Preparation and Patience

By failing to prepare, you are preparing to fail.”
― Benjamin Franklin

I would have loved to live in the time when a vast section of North Americawas covered in prairie. My paternal ancestors came to North America from Alsace Lorraine in 1743. They settled in New York, and a few family members moved to Darke County Ohio.  This Far Western Ohio County is considered to be part of the “Southern till prairie region.” Ohio areas of prairie were surrounded by savannah and acres upon acres of trees in the central and eastern part of the state. In the early 19th century I can imagine my ancestors may have encountered stands of tall grasses that had yet to be turned under by the settlers’ plows.

Much of the prairie that extended from southern Canada west to the shadow of the Rockies, east to Ohio and south to Mexico was lost to settlement, farming and development, as the gradual industrialization destroyed what was considered to be the most impressive, diverse grassland on the planet.

Prairie located in Southern Wisconsin

Today, many wish to reclaim a piece of this epic grassland through seeding native species. Our attempts to re-create the prairie and restore the legacy of these amazing plants ranges from multi-acre restorations to small backyard plots.

The main requirement is patience. Ah, yes, Patience, a word unfamiliar to many Americans. You know who you are, yes, those of us who have little patience for a webpage or a download that takes longer than five seconds. How on earth can we wait 3-4 years for a prairie to mature, not to mention the time it takes to prepare the site?!!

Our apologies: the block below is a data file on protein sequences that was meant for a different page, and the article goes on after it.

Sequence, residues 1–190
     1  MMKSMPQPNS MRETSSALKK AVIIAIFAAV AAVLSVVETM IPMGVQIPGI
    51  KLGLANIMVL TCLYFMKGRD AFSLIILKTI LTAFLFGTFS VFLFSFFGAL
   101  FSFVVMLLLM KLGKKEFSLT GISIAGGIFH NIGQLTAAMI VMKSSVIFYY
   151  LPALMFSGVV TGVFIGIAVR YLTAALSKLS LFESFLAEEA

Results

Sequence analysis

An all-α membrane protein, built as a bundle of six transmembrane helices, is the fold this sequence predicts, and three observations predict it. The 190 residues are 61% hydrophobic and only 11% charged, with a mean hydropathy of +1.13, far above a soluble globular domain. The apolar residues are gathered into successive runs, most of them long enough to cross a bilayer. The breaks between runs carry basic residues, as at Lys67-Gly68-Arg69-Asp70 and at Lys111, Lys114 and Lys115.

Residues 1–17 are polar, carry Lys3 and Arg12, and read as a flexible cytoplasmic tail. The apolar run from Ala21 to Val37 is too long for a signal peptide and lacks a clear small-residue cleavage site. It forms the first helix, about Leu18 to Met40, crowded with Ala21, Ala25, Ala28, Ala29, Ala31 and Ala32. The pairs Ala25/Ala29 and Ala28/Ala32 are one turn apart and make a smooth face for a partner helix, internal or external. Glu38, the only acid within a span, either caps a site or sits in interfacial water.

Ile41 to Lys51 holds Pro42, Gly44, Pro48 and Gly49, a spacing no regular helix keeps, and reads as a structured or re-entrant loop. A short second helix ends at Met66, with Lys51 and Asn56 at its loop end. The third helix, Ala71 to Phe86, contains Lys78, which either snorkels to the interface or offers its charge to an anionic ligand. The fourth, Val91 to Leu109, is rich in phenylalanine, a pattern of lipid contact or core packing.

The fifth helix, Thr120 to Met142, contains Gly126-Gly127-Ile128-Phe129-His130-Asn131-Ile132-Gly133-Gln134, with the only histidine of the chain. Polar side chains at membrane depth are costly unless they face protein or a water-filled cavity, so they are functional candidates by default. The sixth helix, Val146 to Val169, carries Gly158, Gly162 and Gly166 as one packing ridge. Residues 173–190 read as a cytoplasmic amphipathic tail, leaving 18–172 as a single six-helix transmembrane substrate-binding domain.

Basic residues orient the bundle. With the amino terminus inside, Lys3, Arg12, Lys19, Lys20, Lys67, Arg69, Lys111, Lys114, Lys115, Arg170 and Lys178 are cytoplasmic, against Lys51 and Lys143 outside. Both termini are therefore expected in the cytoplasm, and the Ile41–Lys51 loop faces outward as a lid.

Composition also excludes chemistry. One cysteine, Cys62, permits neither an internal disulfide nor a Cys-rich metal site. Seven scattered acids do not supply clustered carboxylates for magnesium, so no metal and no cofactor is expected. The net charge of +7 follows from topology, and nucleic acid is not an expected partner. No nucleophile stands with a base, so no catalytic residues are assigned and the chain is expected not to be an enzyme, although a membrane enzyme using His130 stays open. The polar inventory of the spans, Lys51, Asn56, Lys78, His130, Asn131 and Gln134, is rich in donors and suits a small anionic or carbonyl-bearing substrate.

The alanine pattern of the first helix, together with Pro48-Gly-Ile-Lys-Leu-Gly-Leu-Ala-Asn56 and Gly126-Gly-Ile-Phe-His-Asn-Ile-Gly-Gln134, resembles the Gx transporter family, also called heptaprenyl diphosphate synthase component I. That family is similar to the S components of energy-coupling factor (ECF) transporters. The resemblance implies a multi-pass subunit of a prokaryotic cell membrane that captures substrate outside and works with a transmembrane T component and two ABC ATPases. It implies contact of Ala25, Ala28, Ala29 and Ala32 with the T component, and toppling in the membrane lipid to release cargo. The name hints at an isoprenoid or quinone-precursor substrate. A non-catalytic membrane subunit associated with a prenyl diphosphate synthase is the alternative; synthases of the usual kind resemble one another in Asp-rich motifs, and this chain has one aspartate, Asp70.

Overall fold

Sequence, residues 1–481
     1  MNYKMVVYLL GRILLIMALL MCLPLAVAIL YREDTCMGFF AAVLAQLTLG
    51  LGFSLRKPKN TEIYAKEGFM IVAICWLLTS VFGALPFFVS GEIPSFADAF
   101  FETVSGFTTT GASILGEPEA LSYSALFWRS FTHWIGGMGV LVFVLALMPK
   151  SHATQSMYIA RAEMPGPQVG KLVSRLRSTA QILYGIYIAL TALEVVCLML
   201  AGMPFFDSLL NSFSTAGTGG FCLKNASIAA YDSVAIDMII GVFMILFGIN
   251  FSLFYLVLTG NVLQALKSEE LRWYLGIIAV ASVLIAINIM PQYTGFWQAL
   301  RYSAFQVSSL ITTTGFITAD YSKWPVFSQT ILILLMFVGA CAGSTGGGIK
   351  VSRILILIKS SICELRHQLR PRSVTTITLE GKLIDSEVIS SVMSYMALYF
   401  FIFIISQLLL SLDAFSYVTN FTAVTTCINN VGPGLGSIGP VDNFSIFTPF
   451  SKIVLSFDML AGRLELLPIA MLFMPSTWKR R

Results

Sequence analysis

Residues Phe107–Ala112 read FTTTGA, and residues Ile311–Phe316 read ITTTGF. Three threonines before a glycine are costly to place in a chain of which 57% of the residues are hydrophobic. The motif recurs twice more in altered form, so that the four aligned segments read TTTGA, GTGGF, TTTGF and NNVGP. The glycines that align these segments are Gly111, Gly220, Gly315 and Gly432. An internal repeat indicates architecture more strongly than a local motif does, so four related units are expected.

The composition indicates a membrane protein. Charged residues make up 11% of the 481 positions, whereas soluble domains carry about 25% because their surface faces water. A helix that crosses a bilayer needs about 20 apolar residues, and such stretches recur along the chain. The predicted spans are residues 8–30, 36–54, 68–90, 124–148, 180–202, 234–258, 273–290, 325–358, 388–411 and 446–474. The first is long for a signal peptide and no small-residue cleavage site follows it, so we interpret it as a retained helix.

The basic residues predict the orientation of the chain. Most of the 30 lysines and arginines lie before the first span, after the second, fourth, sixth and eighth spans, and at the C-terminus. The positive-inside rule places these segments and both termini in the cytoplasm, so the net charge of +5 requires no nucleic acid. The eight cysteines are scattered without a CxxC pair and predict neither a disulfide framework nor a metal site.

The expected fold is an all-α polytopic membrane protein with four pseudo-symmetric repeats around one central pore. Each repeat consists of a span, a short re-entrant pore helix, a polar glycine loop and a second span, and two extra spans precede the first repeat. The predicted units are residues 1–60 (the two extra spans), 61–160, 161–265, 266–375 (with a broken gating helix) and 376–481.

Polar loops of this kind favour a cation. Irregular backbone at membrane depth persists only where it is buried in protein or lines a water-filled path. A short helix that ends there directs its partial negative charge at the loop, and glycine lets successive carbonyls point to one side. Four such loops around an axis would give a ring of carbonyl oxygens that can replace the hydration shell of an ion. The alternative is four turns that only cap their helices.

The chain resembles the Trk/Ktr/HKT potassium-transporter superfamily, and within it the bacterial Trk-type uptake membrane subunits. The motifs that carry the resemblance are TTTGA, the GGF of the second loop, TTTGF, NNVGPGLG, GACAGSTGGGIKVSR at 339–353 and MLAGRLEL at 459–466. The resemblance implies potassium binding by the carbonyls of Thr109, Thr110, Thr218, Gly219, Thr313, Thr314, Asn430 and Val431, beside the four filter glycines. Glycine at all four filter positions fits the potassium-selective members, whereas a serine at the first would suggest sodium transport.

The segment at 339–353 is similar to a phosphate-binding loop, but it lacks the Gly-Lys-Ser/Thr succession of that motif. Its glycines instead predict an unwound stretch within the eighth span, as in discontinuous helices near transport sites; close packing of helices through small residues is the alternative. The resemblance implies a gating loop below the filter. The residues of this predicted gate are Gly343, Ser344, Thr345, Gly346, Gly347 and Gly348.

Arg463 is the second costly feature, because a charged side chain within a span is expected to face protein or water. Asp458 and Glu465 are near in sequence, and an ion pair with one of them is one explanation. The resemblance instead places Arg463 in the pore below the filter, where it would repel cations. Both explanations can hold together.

Prairies creep, they crawl and then they leap!

The prospect of establishing a prairie can be compared to building a new home. We start with the foundation, and then we carefully construct the frame and top it with a well fabricated roof. The steps we take ensure a solid construction, a well-built structure that will stand for many years. This is the best comparison I can offer when it comes to successful prairie establishment.

 

First, Choose the right seed mix!

In order to grow a successful prairie it is very important to choose a the right seed mix, with with species that are adapted to the site conditions. Since you will not be providing much assistance in the form of irrigating, fertilizing, or pest control, the plants cannot depend on you to help them to overcome problems that may arise if they are mis-matched to their site. Prairie Nursery offers many seed mix options to match your site’s soil conditions. We can’t stress enough, the importance of the right plants in the right location.

 

How do we begin?  Prepare.

Site preparation is the most important step towards a successful prairie establishment.  Trying to cut corners or overlooking the importance of preparatin will lead to lesser results, or a seeding that you can’t maintain… or just failure.